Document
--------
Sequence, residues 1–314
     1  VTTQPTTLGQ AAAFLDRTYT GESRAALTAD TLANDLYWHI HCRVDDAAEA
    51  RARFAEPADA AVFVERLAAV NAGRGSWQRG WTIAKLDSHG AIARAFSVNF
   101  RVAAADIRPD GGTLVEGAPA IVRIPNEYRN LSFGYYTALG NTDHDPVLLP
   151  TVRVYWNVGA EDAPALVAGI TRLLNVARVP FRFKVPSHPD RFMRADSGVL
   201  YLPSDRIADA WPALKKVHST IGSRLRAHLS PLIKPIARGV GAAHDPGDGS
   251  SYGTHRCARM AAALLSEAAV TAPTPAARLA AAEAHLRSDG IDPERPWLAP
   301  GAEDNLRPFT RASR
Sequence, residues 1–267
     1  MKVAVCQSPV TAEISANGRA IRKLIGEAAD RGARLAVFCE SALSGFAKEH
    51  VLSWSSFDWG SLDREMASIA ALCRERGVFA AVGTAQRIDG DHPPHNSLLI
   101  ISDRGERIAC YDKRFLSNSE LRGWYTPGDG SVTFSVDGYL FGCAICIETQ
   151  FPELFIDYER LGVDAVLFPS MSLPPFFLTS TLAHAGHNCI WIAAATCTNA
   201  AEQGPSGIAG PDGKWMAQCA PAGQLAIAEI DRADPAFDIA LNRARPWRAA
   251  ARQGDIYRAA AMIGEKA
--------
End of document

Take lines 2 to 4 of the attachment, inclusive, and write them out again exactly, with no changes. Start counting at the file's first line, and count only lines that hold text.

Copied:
     1  VTTQPTTLGQ AAAFLDRTYT GESRAALTAD TLANDLYWHI HCRVDDAAEA
    51  RARFAEPADA AVFVERLAAV NAGRGSWQRG WTIAKLDSHG AIARAFSVNF
   101  RVAAADIRPD GGTLVEGAPA IVRIPNEYRN LSFGYYTALG NTDHDPVLLP